Cramer's Mad Money - Teva Is Misunderstood (11/4/10)

by: Miriam Metzinger

Stocks discussed on the in-depth session of Jim Cramer's Mad Money TV Program, Thursday November 4.

CEO Interview: Bill Marth, Teva Pharmaceuticals (NYSE:TEVA), Novartis (NYSE:NVS)

Cramer has been backing Teva Pharmaceuticals (TEVA) for some time, but he acknowledges it is "one of the most misunderstood stocks out there." Teva is known for its generics, but has a significant branded division, including Copaxone, a $3 billion drug and the leading treatment for MS.

While Teva reported a good quarter, the stock was taken down and the multiple has shrunk. Bill Marth says he is not worried about the decline because the company is strong with a solid pipeline for 2011.

Analysts on the conference call kept asking Teva about competition, even though the drug is very difficult to replicate and certainly impossible without additional clinical trials. While Novartis (NVS) is developing an oral treatment for MS, Marth says Teva also has an oral equivalent of Copaxone and its safety has been tested more thoroughly than any equivalent treatment.

Teva's respiratory and women's division of drugs are also growing. Marth said TheStreet also was worried about a recent acquisition the company made; it was expected that the deal would be immediately accretive when there were significant financing costs. Marth is confident that the deal will be profitable in the near future. Cramer says he believes the interview with Marth laid certain fears over Teva to rest.

Is Gold a Bubble?

Cramer reiterated his bullishness on gold and said the yellow metal could continue to rally because it is a currency and not a commodity. He has been behind gold since it was at $500 a few years ago, and thinks it will continue to rise to $2,000. Currently, gold represents less than 1% of all portfolios. "We will be all done with gold," he explained, "when it represents 5% of all portfolios worldwide." It will be a "long, long time" before that happens, so in the meantime, Cramer says, "keep buying."

CEO Interview: Irwin Simon, Hain Celestial (NASDAQ:HAIN)

There is a bull market in healthy eating, as Whole Foods (WFMI) reported a "blowout quarter," which is good news for its client, Hain Celestial (HAIN), producer of Terra chips, Celestial Seasonings, and many other healthy brands. Irwin Shaw said tackling obesity is a profitable aim because there is such growing concern over the issue. Currently 60% of adults and 30% of children in the U.S. are obese, and it is becoming abundantly clear that the issue is not just the amount eaten, but what goes into food. Hain Celestial produces low sodium, low or no sugar and mainly organic products. Many of Hain's products can be seen on Whole Foods' shelves, but other major retailers, like Wal-Mart (NYSE:WMT) and Costco (NASDAQ:COST) are jumping on the healthy brands bandwagon.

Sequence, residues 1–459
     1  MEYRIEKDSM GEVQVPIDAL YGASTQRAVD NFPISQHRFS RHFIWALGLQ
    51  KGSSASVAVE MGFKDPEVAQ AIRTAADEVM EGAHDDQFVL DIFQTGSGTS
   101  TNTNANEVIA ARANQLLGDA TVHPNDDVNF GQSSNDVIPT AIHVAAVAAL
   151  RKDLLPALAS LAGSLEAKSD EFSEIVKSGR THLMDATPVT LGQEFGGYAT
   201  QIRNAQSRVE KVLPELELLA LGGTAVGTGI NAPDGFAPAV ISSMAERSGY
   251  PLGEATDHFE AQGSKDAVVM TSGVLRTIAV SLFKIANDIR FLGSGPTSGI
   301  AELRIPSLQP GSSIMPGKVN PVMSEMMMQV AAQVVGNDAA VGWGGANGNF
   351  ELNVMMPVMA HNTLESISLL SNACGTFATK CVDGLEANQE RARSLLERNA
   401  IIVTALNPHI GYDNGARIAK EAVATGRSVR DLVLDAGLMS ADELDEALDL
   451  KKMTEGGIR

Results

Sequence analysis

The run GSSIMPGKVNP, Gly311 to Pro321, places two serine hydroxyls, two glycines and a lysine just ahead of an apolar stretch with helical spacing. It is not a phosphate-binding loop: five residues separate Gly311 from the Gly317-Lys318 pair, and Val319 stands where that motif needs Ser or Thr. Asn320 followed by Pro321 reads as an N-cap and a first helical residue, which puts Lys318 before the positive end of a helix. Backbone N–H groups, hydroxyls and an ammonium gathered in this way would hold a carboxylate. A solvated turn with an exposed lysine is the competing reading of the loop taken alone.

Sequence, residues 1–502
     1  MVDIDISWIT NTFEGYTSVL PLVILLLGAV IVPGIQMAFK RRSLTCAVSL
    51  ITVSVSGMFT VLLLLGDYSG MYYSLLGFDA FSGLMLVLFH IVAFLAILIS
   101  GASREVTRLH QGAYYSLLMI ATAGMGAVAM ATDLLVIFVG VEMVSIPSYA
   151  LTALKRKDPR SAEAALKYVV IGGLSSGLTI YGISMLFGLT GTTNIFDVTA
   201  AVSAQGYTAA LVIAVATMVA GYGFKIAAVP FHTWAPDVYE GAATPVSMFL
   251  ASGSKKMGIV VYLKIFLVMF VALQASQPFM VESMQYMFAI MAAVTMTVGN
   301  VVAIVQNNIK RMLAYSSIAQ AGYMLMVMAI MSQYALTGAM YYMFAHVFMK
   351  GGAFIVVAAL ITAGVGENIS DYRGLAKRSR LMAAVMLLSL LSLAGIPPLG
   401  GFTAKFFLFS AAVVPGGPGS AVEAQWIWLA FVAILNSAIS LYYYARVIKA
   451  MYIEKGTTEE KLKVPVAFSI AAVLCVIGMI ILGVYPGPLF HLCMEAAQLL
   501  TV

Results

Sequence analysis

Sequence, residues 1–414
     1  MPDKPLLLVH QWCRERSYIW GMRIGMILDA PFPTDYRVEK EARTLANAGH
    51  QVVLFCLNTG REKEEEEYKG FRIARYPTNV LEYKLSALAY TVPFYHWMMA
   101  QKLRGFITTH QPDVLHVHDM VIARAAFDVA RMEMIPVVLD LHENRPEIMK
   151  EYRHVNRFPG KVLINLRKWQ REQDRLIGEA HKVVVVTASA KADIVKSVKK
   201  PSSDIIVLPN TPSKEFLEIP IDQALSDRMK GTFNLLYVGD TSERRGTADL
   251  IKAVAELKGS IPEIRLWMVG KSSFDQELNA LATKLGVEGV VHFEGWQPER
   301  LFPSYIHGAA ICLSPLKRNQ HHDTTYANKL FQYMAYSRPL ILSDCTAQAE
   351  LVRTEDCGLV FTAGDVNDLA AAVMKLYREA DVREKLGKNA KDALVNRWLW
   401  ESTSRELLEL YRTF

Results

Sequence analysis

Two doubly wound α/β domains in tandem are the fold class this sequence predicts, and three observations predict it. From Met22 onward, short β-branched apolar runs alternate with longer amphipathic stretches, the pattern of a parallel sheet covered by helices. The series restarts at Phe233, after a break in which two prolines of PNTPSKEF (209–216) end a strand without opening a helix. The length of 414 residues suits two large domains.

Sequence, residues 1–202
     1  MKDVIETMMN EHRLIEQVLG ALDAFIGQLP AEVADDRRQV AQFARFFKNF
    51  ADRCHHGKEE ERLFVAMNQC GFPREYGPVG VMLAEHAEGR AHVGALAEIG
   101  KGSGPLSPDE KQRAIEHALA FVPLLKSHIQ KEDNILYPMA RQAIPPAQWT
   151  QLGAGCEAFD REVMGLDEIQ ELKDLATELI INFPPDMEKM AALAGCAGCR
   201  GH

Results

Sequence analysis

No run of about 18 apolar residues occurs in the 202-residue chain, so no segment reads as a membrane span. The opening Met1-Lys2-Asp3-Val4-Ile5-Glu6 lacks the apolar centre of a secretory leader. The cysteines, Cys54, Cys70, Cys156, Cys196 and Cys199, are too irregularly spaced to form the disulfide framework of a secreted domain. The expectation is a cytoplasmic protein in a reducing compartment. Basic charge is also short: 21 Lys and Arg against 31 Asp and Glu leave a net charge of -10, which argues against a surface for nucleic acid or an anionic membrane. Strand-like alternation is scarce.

Irwin Shaw says schools need to adopt the same kind of healthy brands found in airports and on planes. The company is also seeing double digit growth in its personal care division. Although raw costs are going up, the company bought up most of its commodities when prices were low, and Hain has some protection from rising costs. Cramer says health food is in a multi-year bull market and would buy Hain.

Never Hold Onto a Takeover Stock: Airgas (ARG), Air Products (NYSE:APD), Potash (NYSE:POT), BHP Billiton (NYSE:BHP), Oracle (NASDAQ:ORCL), Art Technology Group (ARTG), Fortinet (NASDAQ:FTNT), IBM (NYSE:IBM), Commscope (CTV)

While there are some exceptions to investing rules, one hard and fast principle is never hold onto all of a stock that has had a takeover bid. The reasoning is the upside is capped and there may be a downside if the deal does not go through. The sole exception recently has been Airgas (ARG) which was given an excessively low offer from Air Products (APD). After many negotiations, the deal was raised from $60 a share to $78 and ARG's stock price went to $69 from $43.53. That was a rare case when selling on a takeover bid would have lost investors money.

However, in virtually all cases, the rule was correct. Cramer said he was mistaken thinking that Potash (POT) was the next exception when it got a bid from BHP Billiton (BHP). The Canadian government nixed the deal, and those who didn't sell Potash on the initial bid lost a significant amount.

Cramer urged viewers to sell Art Technology Group (ARTG) after its bid from Oracle (ORCL). The stock is up 33% since he recommended it on January 29. Commscope (CTV) is being taken private by Carlyle Group at $31 a share, a 37% gain since Cramer recommended it on June 22, 2009.

Not only is news of a takeover bid reason to sell, but even a takeover rumor may mean taking profits. When news that IBM (IBM) would buy Fortinet (FTNT) came out, the latter stock jumped from $30 to $36. Once Fortinet denied the rumor, the stock snapped back down to $30. Cramer likes FTNT, up from its IPO price of $12.50, he would simply wait for a pullback to buy more.

"These stocks should be taken off the table first thing on Friday," Cramer said.


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